What’s Wrong with that Doggie in the Window? [Video]
“First time I saw Dakota, I was pretty much in love, right then and there. I had to have that dog,” says Bryan Phillips. “I just did my research from their website. And on their website, it’s very professional. It seems to be a very nice, warm, loving environment. They work with the very best, private breeders.”
In December of 2011, Bryan Philips was seduced by the cuteness of that “doggie in the window.”
But within a few weeks he faced a jarring reality.
“It was confirmed that she had distemper, which for a puppy is pretty much a death sentence,” says Phillips. “It’s preventable with vaccines, which according to her pet record she was vaccinated twice for it.”
When Philips informed the pet store of Dakota’s illness, he says they refused to take any responsibility and redirected him to the expired warranty information on their website. With the vet bills piling up, Philips decided to fight back and took to the internet, where he discovered he was not alone.
He joined several others in a class action lawsuit against the pet store chain. Chicago attorney Stephanie Capps is leading the charge.
“The pet stores definitely take advantage of knowing a consumer will come into a store, a lot of times with their little kids, fall in love with a puppy in the window, take their word for it that they’re from a private, reputable breeder, totally healthy,” says Capps.
Capps, who has worked on multiple pet-related cases, starts with an investigation.
“After many people were contacting us, we started doing research. We were finding that the ’breeders’ used at these stores were not in fact private, reputable breeders. Many of them had hundreds of dogs at their facilities. They were puppy mills.”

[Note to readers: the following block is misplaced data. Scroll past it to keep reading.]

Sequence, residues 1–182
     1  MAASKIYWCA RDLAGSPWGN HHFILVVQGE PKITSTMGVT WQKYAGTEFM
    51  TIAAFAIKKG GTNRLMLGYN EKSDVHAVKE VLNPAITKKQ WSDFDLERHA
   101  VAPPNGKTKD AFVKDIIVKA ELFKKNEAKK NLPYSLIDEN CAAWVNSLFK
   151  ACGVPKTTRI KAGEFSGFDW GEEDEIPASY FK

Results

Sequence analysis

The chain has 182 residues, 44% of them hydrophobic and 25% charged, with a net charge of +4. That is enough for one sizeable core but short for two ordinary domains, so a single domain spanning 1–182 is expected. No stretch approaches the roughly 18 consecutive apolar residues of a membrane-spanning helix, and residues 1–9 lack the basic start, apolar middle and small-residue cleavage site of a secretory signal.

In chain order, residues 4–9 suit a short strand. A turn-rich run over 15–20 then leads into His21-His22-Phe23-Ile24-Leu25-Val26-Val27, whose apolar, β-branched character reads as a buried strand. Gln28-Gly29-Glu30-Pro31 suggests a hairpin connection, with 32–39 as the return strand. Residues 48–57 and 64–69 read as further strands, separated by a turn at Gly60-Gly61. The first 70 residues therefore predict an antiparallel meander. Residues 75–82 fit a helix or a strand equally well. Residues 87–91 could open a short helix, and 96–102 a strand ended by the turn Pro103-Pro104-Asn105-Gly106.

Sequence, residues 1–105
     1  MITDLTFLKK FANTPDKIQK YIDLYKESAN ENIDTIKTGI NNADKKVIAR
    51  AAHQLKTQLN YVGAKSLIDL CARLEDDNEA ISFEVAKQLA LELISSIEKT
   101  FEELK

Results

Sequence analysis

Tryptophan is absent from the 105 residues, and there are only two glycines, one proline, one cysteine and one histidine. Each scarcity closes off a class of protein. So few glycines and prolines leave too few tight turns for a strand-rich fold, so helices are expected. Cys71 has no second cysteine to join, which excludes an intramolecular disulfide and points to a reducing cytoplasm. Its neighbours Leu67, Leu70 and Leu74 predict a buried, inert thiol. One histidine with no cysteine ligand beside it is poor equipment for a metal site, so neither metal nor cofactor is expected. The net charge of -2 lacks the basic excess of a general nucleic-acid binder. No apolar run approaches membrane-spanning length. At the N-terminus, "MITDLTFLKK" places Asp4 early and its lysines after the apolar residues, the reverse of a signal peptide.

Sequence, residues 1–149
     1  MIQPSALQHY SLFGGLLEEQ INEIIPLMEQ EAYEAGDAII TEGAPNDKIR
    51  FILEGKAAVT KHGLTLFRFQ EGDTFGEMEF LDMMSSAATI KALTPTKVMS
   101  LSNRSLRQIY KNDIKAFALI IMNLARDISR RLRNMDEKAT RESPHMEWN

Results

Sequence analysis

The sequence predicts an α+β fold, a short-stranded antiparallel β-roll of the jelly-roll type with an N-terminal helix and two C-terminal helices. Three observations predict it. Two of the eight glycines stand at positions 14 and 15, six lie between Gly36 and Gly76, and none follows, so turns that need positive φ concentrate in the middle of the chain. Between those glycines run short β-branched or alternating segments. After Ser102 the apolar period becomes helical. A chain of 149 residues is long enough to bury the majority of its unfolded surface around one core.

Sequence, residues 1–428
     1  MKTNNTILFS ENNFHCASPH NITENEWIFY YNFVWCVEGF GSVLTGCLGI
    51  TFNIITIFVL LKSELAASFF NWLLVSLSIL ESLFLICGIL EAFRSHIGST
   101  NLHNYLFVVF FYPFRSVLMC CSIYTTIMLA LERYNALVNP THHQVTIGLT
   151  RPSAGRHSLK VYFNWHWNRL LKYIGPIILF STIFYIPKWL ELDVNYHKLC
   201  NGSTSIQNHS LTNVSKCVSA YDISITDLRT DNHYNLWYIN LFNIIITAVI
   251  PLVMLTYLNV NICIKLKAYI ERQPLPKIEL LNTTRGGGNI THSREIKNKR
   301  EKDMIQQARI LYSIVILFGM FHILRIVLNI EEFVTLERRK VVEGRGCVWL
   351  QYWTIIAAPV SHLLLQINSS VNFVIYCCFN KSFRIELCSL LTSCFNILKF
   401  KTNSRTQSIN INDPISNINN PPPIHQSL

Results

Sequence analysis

A puppy mill is a mass-producing dog facility that emphasizes profit over the welfare of the dog. The dogs usually are kept in feces-filled cages, deprived of clean drinking water and often have untreated, running wounds. As a result, they can easily develop a number of otherwise preventable infections.
“They’re horrific, just horrific conditions,” says Capps.
Animal advocates say that most of the puppies sold in U.S. pet stores come from puppy mills, and nearly all have parasites at the time of purchase. These illnesses can often lead to unexpected vet bills for new puppy owners.
“The benefits of doing a class action suit in regards to animals are basically economical,” says Capps.
She notes it’s the best way to recoup the staggering amount of money pet owners pay veterinarians to restore the health of their pet store dogs.
If you want to avoid the headache and heartache of a lawsuit, make sure you buy a healthy puppy.
“If somebody is looking for a puppy, they really want to investigate where that puppy is coming from, whether it’s a breeder or a shop,” says Alexis Newman, veterinarian and president of the Chicago Veterinary Medicine Association. “When you go see a puppy, they should be playing. They should be happy, running around and interacting. If they’re not, chances are they don’t feel well.”